Only 18 Percent of Youth Use Agri-tech Innovation In Rwanda, Report Says

Only 18 percent of youth use Agri-tech innovation in Rwanda, report says. Despite the fact that 45 percent of Rwandan youth are involved in agriculture, just 18 percent of them use agri-tech innovation, according to a recent analysis titled “The Future of Africa’s Agriculture – An Assessment of the Role of Youth and Technology.”

In 11 countries, including Ethiopia, Kenya, Rwanda, Tanzania, Uganda, Nigeria, Ghana, Senegal, Malawi, Zambia, and Zimbabwe, Heifer International interviewed 29,954 youths, 299 smallholder farmers, and 110 agri-focused organizations.

In Rwanda, 3,362 people participated in the survey.

According to the survey, innovators are turning to artificial intelligence, remote sensing, geographic information software, virtual reality, drone technology, application programming interface technology, and precision technology to provide accurate measurements of rainfall, pest control, soil information, soil productivity, and farm size and productivity potential.

On a larger scale, however, the findings revealed that, despite the potential of technology to transform Africa’s agriculture industry, smallholder farmers on the continent continue to encounter hurdles in implementing technology into their farming operations.

In the countries surveyed, just 23% of youngsters working in agriculture use any type of agricultural technology, such as Apps, SMS, websites, and software, among other things.

“Technology adoption in Africa is generally poor. “The lowest Agri-Tech adoption rates are in Ghana, Senegal, and Zambia, while the greatest adoption rates are in Zimbabwe, Kenya, and Nigeria,” according to the paper.

The survey discovered that access to land or ownership is a key source of concern, with 59 percent of young people in 11 nations stating that they lack both.

According to the survey, 70% of Rwandan youngsters do not have access to land.

At least 39% of polled Agric-focused groups agreed that technology innovation is the greatest method to involve youth in agriculture in Africa, while 32% advised government support for young farmers. Youth participation in agricultural policy was suggested by 21% of respondents.

It shows that access to finance is a critical barrier to youth engagement in agriculture in Africa, according to 37% of those polled, while lack of access to land and lack of training are key barriers for 14% and 12% of those polled, respectively.

Farmers’ output has been negatively impacted by severe weather conditions, according to at least 30% of respondents, with 17 percent blaming insects, pests, and disease, and 14 percent blaming technological impediments.

The coronavirus outbreak forced 40 percent of agriculture-focused enterprises to temporarily close their doors, 38 percent saw a drop in average purchase amount per customer, and 36 percent lack the financial capital to reopen their doors.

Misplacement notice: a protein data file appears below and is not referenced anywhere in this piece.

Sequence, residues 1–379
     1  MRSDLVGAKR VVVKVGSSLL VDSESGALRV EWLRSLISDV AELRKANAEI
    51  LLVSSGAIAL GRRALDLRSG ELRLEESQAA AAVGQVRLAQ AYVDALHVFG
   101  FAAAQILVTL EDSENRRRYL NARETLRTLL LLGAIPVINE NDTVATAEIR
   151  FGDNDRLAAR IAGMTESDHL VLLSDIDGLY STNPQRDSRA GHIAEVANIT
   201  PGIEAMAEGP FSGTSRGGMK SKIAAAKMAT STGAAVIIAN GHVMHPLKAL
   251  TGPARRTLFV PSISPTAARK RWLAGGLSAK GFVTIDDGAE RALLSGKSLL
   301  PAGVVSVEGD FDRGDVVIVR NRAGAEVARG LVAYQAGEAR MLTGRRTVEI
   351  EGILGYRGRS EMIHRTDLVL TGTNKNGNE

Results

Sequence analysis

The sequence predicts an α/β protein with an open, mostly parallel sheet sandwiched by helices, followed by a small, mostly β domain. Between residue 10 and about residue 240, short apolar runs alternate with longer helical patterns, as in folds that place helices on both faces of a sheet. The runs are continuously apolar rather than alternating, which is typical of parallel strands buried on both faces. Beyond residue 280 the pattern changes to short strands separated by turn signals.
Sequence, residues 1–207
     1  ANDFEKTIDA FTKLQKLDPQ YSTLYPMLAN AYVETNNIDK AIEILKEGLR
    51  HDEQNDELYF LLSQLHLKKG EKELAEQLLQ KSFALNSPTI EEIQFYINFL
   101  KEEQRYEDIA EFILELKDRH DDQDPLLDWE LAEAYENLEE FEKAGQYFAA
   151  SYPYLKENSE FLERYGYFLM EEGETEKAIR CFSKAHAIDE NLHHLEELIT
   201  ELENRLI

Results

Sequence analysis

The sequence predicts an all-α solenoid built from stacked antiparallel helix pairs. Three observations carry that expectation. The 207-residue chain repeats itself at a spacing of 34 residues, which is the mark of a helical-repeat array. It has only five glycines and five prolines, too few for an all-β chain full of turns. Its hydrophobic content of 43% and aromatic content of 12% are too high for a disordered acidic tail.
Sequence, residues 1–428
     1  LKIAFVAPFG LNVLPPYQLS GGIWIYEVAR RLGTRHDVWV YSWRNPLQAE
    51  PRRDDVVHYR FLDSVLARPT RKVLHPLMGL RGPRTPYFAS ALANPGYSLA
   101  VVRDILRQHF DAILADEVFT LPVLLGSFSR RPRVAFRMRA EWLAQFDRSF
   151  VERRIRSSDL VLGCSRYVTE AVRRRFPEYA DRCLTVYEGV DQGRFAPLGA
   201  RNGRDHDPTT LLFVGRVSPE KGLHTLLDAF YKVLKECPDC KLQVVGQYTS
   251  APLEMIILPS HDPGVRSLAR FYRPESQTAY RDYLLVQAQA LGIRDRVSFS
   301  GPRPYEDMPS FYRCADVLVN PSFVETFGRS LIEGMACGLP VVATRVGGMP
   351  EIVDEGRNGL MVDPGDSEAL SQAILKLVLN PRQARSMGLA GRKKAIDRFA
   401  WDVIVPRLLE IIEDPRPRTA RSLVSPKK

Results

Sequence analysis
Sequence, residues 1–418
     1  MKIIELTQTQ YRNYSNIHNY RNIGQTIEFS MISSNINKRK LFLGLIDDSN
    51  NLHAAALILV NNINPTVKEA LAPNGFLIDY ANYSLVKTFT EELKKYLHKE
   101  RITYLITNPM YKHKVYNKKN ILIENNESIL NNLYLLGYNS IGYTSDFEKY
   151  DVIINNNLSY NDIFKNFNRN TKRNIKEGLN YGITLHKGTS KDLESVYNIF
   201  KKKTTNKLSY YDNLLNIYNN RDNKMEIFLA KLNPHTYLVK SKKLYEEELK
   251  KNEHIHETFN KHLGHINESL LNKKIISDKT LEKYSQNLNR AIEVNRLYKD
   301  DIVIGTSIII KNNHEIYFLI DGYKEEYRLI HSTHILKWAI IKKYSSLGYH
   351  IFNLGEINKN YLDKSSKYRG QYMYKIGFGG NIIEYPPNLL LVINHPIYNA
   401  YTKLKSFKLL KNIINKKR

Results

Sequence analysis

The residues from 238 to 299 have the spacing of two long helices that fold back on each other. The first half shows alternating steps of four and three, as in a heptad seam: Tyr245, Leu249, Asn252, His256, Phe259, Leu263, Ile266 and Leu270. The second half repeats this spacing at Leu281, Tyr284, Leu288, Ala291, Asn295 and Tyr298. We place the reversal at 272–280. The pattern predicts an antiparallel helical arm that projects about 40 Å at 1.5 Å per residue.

With the exception of Tanzania, 10 out of 11 countries agreed that the most crucial help necessary is financing.

In Ghana, Kenya, Tanzania, and Zimbabwe, training and mentorship are viewed as more vital than funding when put into context.

Youth in Senegal, Kenya, Nigeria, and Ghana prioritized agricultural technology help, whereas access to land was a pressing issue in Zimbabwe, Rwanda, and Zambia.

According to officials, the Rwandan government is supporting intensification as a tactic to enhance productivity and farmers’ incomes due to a scarcity of land.

The long-term goal of Rwandan agriculture, according to the Strategic Plan for the Transformation of Agriculture (PSTAIII), is to transform it from a mostly subsistence industry to a more knowledge-intensive, market-oriented sector capable of sustaining growth and providing value to products.

Heifer International Rwanda’s Country Director, Elisee Kamanzi, stated that resolving the constraints raised by the youth might increase agricultural output in Africa, meet food demand, and reduce youth unemployment.

According to 30% of respondents, adolescents require agricultural technological solutions that are simple to implement.

According to Ritha Tumukunde, Agriculture Socio Economy Specialist at the Ministry of Agriculture and Animal Resources, they are collaborating with many partners to build a youth employment plan in agriculture.

“What we’re doing to establish this plan will be informed by the study,” she said.

More agricultural technological solutions are being created, according to Victor Muvunyi, an Emerging Technologies senior technician at the Ministry of ICT and Innovation, however uptake is still low.

“We want to be an ICT powerhouse, so we need a thriving innovation ecosystem,” he said, adding that because Africa is a young continent, it should engage in agriculture through innovation.


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Hassan Barakat
Hassan Barakat
Barakat Temitope Hassan is a competent and dedicated Radiographer who is also interested in Tech, Writing and Medical Research.

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